ADVERTISEMENT

ADVERTISEMENT

Ask the Master Gardener: Easter lilies, peonies, and more

‘Bartzella’ is the most popular Itoh peony, a strong, yellow semi-double with a lemon fragrance.

A potted Asiatic lily in a landscape
Asiatic lilies are the hardiest and easiest to grow for Zone 3 gardens. Plan in full sun in a well-drained soil.<br/>
Contributed

Dear Master Gardener:

What could I get instead of an Easter Lily that would be blooming for Easter, but I could plant out in my flower garden to bloom year after year?

Easter lilies are not hardy in Minnesota, so they will most likely not come back if planted in your garden. They are hardy to Zone 5. Often you will find Asiatic and Oriental lilies that have been forced to bloom for Easter. These would make a great alternative for an Easter lily so you can plant them in your garden. Asiatic lilies are the hardiest and easiest to grow for Zone 3 gardens. Oriental lilies are hardy to Zone 4 – some cultivars may survive (especially if mulched) and some won’t. I have planted many Oriental lilies in the spring and enjoyed them for one season. However, two Oriental lilies have been coming back for years – Casa Blanca and Star Gazer.

After your pot of lilies has finished blooming, when the ground is no longer frozen, plant it in the ground as you would any potted perennial. Just keep the pot in your garage until you can get the plant in the ground. Plant both Asiatic and Oriental lilies in full sun (6-8 hours of sunlight) in well-drained soil. Fertilize your lilies each spring with a 5-10-10 formula or a slow-release fertilizer, following the instructions on the label.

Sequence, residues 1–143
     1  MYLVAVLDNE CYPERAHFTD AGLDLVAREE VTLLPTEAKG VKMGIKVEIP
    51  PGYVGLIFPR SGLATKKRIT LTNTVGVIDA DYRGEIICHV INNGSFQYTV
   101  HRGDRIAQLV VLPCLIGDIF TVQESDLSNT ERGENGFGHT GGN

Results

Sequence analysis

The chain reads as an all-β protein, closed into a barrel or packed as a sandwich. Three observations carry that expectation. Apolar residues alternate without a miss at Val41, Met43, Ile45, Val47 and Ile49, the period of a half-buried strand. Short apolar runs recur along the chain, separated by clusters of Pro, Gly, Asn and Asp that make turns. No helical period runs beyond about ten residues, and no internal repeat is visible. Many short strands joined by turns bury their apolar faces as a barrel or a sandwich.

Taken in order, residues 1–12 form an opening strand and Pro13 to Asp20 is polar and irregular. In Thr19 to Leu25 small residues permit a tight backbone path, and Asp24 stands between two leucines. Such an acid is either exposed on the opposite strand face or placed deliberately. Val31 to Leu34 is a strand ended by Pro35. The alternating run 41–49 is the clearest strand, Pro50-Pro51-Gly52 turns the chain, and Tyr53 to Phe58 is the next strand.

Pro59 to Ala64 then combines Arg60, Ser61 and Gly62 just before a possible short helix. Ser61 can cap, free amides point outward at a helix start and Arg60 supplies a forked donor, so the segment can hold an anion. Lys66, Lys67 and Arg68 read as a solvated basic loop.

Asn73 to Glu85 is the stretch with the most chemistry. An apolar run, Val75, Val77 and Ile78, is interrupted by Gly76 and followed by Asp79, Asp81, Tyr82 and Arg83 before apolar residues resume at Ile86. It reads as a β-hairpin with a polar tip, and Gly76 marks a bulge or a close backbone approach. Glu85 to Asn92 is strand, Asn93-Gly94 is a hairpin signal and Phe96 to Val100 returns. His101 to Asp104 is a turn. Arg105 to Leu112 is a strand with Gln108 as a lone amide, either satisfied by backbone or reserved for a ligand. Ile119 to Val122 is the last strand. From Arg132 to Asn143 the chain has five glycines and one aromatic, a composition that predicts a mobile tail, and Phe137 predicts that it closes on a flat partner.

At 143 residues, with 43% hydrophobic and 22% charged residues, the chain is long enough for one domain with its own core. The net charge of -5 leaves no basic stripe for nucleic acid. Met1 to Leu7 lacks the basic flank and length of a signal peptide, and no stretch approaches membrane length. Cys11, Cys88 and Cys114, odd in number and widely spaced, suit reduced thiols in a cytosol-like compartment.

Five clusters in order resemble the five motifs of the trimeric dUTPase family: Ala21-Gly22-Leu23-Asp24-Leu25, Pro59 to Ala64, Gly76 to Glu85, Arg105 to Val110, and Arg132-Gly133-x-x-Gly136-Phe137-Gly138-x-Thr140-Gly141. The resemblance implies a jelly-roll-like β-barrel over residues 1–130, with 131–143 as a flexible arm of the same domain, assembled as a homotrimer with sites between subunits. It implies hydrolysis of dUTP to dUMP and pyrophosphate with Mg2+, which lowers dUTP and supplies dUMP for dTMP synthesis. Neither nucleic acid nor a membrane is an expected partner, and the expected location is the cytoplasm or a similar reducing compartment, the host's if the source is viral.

A closeup of an intersectional peony
The intersectional hybrid (Itoh) peony hybrids have a nice upright form, stand up to wind and heavy rain and are very disease resistant.<br/>
Contributed

Dear Master Gardener:

ADVERTISEMENT

I was looking at plant catalogs and was enamored by the yellow tree peony. I would like to grow a yellow tree peony if possible. Will they grow here?

Unfortunately, tree peonies are not reliably hardy in Zone 3 – they are rated for Zone 4. However, there is an even better alternative — the intersectional hybrid (Itoh) peony. In 1948, after years and years of trying, Toichi Itoh, a Japanese botanist, was the first person to successfully cross a tree peony with an herbaceous peony. Sadly, he died before his hybrid flowered in 1964. Four of his plants produced deep yellow, double flowers of high quality. These plants, which are called intersectional hybrid peonies or Itoh peonies, inherited the best traits of both parents. They produce flowers and foliage that are similar to tree peonies, but have the hardiness of herbaceous peonies. They emerge later in spring than herbaceous peonies. These hybrids have a nice upright form, stand up to wind and heavy rain and are very disease resistant. They produce many enormous flowers once they are mature and the flowers last longer than standard tree peonies.

Intersectional (Itoh) peonies used to be very difficult and expensive to obtain and 20 years ago you would pay anywhere from $300 - $1,000 for a plant. A Canadian company began producing them in the early 2000s, which made them more affordable and accessible. You can now find them for around $100 or a little less. ‘Bartzella’ is the most popular Itoh peony, a strong, yellow semi-double with a lemon fragrance. ‘Garden Treasure’ is a light golden yellow, semi-double with very large blossoms. ‘Sequestered Sunshine’ has large, bright canary yellow blossoms with showy stamens.

Dear Master Gardener: